It’s interesting that, when Jesus walked on the water towards His disciples, and they thought they saw a ghost, He didn’t rebuke them; it seems like it would have been a good “teachable moment” in which He could have told them, “Ghosts never appear to people,, as you ought to know from the Scriptures,” but He just told them to have courage, it is He. Again, after His resurrection He told them that a ghost doesn’t have flesh and bones as they can see He does. He -didn’t- tell them they should know better than think that He could have been a ghost since, as they should have known, ghosts never appear to people, period. See St. Matthew 14: 22ff, St. Mark 6: 49ff, , St. Luke 24:39. Our Lord does not, in these passages, appeal to the Scriptures to convict His disciples of an error they should have known better than to fall into. He appeals to reason: I’m not a ghost, so don’t be afraid; ghosts don’t have flesh and bones, etc.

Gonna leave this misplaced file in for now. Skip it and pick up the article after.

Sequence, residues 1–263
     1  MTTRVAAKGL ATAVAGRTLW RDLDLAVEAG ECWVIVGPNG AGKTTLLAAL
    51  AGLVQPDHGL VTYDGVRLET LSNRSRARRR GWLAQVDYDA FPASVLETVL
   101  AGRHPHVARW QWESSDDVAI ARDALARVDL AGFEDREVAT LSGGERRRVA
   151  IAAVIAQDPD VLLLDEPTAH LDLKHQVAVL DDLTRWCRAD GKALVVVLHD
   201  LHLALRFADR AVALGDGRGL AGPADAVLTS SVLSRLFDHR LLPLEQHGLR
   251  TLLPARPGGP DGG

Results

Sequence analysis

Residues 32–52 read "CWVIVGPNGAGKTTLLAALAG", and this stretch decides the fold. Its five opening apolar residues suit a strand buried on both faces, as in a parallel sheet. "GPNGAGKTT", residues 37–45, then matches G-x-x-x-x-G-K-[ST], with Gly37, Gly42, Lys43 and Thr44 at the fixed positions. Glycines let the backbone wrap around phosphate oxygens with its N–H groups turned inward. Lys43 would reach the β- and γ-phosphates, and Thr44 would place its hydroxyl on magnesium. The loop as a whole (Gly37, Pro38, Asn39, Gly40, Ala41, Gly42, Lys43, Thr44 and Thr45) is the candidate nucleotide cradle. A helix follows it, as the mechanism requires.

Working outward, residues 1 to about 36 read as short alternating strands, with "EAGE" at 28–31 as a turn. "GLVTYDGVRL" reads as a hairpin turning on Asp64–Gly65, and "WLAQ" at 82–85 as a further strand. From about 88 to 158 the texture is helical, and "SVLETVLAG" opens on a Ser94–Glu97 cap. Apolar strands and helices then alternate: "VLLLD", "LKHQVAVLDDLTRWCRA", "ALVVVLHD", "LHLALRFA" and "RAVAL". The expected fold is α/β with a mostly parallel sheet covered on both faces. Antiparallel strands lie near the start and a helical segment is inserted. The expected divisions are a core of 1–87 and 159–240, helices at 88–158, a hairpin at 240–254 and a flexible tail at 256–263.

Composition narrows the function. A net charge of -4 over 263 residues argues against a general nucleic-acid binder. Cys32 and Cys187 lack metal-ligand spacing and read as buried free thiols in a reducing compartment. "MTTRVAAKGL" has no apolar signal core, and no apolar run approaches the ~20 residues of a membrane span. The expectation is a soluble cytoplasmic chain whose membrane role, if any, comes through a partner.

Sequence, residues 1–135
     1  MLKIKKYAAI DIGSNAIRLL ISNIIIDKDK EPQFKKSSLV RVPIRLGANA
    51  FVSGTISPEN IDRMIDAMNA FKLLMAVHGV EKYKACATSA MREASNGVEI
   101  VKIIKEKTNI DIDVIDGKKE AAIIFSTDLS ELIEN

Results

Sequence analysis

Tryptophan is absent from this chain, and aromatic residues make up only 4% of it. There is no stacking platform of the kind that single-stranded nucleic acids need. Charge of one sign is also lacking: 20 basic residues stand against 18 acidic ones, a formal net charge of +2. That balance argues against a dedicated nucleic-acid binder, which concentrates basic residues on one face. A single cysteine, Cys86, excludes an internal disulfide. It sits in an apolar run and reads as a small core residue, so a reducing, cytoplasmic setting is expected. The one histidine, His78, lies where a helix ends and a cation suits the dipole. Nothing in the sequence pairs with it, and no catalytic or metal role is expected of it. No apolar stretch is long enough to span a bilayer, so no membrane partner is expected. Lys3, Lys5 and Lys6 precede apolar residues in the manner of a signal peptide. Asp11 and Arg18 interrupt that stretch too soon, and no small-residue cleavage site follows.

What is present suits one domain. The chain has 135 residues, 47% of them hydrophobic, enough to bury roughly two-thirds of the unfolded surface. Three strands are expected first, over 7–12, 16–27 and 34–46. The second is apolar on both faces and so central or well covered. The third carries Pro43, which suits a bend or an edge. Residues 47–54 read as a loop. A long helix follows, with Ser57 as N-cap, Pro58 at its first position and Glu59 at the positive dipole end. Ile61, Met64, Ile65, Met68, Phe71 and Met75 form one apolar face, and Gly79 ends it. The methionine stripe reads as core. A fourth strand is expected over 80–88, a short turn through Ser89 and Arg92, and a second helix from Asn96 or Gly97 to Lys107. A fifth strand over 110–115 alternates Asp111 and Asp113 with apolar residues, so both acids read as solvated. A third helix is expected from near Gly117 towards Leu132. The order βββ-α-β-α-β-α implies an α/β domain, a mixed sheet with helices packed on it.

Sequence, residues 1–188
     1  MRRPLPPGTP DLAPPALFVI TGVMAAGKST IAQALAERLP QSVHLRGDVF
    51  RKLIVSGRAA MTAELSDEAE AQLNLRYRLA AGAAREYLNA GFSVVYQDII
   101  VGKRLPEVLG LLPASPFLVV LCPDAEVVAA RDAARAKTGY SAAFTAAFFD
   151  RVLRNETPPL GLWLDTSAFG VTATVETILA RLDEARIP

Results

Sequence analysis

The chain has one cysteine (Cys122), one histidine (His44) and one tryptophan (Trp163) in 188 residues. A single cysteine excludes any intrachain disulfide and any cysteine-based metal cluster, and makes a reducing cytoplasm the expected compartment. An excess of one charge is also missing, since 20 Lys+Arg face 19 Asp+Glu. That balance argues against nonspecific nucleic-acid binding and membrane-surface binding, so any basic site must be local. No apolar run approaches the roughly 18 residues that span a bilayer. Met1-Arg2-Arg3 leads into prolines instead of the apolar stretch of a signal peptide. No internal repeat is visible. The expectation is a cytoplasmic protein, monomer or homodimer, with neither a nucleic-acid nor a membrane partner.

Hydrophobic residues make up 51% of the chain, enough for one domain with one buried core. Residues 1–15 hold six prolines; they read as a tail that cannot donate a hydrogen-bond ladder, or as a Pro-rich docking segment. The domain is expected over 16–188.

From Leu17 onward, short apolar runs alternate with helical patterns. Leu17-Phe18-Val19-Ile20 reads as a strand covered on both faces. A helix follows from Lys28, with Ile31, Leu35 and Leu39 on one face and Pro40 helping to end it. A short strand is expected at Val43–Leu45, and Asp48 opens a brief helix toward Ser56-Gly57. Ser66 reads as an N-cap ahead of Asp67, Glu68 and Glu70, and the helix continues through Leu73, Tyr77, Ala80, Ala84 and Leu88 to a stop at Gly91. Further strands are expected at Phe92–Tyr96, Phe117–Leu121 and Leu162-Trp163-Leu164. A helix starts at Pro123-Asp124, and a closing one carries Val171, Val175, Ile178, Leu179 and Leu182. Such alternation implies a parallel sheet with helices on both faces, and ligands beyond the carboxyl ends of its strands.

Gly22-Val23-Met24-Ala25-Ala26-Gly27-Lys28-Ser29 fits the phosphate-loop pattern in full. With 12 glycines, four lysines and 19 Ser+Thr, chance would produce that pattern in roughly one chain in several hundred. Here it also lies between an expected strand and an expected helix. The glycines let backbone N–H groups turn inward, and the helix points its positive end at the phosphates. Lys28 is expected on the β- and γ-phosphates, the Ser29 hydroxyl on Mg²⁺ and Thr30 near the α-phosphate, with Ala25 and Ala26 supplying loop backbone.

Dale, thank you for the very thoughtful letter. Thank you very much for the background on Inkling ghost story connections. My reservations are not for the genre–I enjoy “scary” media–but the association with Christmas.
Thank you as well for the link to Williams’ short story. I look forward to reading it.
For some reason I’ve never investigation the case of Dr. Askins. How bizarre. Whether syphilitic insanity, demonic activity or an (unsurprising) combination of the two… it must certainly have been horrid.
As for Jesus’ dispelling confusion (i.e. misperceiving that he is a specter), I must confess I’m not a linguist. However, my understanding is that the the “familiar spirits” perceived of as the disembodied spirits of the deceased are more accurately understood as something else.